Characterization of prostate cancer using diffusion tensor imaging: A new perspective

Neda Gholizadeh, Peter B. Greer, John Simpson, Jim Denham, Peter Lau, Jason Dowling, Hubert Hondermarck, Saadallah Ramadan

Research output: Contribution to journalArticlepeer-review

12 Citations (Scopus)

Abstract

Purpose: This study is aimed at evaluating the potential role of quantitative magnetic resonance diffusion tensor imaging (DTI) and tractography parameters in the detection and characterization of peripheral zone prostate cancer with a particular attention for fiber tract density. Materials and methods: DTI was acquired from eleven high risk, transrectal ultrasound (TRUS)-guided biopsy proven prostate cancers with perineural invasion (histological Gleason score ≥ 7) on a 3 T magnet. Twenty parameters derived from DTI were quantified in cancer and healthy regions of the prostate. In addition, fiber tract density in normal versus cancer tissues was also calculated using DTI tractography. Support vector machine with a radial basis function kernel and area under receiver operator characteristic (ROC) were used to describe and compare the diagnostic performance of combined fractional anisotropy (FA) and mean diffusivity (MD) and other statistically significant DTI parameters. Spearman correlation analysis between DTI parameters and Gleason scores was conducted. Results: Eighteen DTI parameters yielded statistically significant differences between cancer and healthy regions (p-value < 0.05). The ROC curve of all statistically significant DTI parameters between cancer and healthy regions was higher than the area under ROC curve using FA + MD alone (95% confidence interval = 0.988, range = 0.975–1.00) vs (95% confidence interval = 0.935, range = 0.898-0.999), respectively (p-value < 0.05). Fiber tract density was also found to be higher in cancer than in healthy tissues (+38.22%, p-value = 0.010) and may be related to the increase in nerve and vascular density reported in prostate cancer. The linear and relative anisotropy were highly correlated with Gleason score (Spearman correlation factor r = 0.655, p-value = 0.001 and r = 0.667, p-value < 0.001, respectively). Conclusions: DTI has the potential to provide imaging biomarkers in the detection and characterization of prostate cancer. Novel quantitative parameters derived from DTI and DTI tractography, including fiber tract density, support the use of DTI in the assessment of high grade prostate cancer.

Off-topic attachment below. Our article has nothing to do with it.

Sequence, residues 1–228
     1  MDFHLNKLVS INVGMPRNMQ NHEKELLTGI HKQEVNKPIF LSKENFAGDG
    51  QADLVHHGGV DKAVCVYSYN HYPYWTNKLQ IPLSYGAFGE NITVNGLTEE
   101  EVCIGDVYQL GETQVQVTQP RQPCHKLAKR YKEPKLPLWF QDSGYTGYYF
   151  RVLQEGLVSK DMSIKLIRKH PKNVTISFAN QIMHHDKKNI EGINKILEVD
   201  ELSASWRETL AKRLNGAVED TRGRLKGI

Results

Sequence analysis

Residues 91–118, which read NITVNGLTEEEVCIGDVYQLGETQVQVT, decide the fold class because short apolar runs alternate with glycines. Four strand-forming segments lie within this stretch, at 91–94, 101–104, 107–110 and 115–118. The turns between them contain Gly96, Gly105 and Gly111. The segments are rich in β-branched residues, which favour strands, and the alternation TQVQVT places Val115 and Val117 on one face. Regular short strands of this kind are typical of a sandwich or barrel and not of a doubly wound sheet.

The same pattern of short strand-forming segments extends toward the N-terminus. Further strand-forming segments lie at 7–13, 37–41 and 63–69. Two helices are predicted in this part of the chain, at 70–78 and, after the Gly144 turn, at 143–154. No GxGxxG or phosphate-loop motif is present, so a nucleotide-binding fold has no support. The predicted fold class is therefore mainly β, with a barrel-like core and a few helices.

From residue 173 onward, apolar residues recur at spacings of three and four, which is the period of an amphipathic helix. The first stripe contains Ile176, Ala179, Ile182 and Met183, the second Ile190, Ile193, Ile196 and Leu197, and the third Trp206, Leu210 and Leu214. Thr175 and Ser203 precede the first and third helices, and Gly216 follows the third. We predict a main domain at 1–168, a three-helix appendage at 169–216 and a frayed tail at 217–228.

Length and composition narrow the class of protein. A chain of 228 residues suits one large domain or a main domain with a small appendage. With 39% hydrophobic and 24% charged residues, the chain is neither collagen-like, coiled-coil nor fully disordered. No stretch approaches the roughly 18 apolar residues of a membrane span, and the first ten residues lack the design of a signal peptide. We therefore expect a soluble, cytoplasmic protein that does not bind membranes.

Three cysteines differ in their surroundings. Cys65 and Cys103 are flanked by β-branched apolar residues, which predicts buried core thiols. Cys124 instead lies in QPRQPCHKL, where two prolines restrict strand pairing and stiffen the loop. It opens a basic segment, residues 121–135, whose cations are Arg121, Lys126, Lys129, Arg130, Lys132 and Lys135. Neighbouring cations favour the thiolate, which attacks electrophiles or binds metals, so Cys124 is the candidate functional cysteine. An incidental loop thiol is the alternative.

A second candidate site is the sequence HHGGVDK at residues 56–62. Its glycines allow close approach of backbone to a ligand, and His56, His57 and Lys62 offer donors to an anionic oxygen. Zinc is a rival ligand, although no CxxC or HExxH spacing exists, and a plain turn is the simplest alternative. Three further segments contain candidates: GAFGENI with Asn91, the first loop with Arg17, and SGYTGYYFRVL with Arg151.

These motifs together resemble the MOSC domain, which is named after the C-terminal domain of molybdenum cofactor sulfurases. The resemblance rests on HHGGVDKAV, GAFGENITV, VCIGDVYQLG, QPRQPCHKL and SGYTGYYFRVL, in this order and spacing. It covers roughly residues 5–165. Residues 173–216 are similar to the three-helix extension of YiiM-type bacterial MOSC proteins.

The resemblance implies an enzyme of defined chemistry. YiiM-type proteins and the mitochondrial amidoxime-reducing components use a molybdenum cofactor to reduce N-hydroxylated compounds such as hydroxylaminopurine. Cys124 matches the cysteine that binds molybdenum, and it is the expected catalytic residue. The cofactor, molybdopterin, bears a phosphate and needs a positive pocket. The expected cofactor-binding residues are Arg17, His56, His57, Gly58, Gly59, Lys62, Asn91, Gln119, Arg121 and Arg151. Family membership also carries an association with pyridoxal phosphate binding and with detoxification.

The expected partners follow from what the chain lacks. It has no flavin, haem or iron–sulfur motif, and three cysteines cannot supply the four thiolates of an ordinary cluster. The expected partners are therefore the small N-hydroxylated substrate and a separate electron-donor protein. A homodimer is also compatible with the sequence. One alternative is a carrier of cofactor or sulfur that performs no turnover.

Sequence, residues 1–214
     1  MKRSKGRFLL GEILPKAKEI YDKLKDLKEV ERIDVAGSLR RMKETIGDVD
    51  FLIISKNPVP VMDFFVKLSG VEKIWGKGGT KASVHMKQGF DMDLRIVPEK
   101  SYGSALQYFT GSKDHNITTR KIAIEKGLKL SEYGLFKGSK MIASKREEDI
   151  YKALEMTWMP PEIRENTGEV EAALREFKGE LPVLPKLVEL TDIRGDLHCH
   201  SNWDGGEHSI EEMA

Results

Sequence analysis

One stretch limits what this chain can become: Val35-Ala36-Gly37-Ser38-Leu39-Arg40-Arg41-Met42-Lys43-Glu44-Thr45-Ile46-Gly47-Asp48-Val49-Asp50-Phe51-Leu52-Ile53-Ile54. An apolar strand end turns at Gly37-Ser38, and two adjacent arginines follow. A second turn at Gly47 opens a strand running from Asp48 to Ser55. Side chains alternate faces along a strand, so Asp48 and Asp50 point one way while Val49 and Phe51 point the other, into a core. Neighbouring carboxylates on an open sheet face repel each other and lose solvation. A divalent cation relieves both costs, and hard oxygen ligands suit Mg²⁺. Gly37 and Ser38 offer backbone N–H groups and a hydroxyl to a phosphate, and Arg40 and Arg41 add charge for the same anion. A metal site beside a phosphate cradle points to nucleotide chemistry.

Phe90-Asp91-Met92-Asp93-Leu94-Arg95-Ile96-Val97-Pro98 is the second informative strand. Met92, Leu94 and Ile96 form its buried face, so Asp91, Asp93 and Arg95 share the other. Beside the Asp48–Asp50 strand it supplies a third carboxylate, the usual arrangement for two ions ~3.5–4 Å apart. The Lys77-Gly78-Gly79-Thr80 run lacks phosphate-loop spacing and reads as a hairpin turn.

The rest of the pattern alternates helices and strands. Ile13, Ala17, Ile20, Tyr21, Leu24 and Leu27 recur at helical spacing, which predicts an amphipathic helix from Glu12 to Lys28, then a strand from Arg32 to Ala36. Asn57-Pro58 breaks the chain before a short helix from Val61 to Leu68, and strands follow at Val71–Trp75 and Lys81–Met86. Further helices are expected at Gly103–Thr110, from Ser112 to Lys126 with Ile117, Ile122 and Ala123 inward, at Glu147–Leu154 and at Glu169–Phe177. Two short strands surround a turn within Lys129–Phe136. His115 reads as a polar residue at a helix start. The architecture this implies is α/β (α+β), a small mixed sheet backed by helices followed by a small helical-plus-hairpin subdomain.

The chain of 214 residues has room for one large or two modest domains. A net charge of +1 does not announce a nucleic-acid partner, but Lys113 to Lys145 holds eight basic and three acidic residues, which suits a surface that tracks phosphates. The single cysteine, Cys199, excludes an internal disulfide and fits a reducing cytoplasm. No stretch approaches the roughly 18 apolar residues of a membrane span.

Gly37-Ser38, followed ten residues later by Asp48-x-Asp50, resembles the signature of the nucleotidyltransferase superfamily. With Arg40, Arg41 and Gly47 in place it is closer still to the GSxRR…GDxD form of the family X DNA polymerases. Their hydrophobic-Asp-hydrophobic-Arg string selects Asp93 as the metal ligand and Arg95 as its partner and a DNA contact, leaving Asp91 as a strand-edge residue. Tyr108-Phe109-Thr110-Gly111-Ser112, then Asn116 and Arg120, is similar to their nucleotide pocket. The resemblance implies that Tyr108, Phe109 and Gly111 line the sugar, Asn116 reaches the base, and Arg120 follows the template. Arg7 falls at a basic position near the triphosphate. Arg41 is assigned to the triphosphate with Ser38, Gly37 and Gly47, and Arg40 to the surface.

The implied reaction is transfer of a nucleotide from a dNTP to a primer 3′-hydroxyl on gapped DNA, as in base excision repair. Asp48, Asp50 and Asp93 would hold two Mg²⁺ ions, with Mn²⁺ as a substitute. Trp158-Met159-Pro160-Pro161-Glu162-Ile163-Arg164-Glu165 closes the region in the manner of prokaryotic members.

Original languageEnglish
Pages (from-to)112-120
Number of pages9
JournalEuropean Journal of Radiology
Volume110
DOIs
Publication statusPublished - Jan 2019
Externally publishedYes

Fingerprint

Dive into the research topics of 'Characterization of prostate cancer using diffusion tensor imaging: A new perspective'. Together they form a unique fingerprint.

Cite this